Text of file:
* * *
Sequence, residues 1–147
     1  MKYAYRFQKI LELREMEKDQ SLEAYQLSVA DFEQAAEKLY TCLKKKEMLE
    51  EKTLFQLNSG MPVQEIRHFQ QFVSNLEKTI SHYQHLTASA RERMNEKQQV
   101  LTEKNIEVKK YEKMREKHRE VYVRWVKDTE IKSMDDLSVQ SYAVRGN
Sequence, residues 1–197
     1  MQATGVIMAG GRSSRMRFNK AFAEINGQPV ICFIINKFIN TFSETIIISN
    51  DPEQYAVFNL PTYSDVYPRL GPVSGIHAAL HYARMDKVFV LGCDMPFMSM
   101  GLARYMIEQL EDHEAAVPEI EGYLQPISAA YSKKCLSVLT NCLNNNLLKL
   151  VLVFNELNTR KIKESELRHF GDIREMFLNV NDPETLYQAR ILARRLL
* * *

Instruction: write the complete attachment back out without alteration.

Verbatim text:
Sequence, residues 1–147
     1  MKYAYRFQKI LELREMEKDQ SLEAYQLSVA DFEQAAEKLY TCLKKKEMLE
    51  EKTLFQLNSG MPVQEIRHFQ QFVSNLEKTI SHYQHLTASA RERMNEKQQV
   101  LTEKNIEVKK YEKMREKHRE VYVRWVKDTE IKSMDDLSVQ SYAVRGN
Sequence, residues 1–197
     1  MQATGVIMAG GRSSRMRFNK AFAEINGQPV ICFIINKFIN TFSETIIISN
    51  DPEQYAVFNL PTYSDVYPRL GPVSGIHAAL HYARMDKVFV LGCDMPFMSM
   101  GLARYMIEQL EDHEAAVPEI EGYLQPISAA YSKKCLSVLT NCLNNNLLKL
   151  VLVFNELNTR KIKESELRHF GDIREMFLNV NDPETLYQAR ILARRLL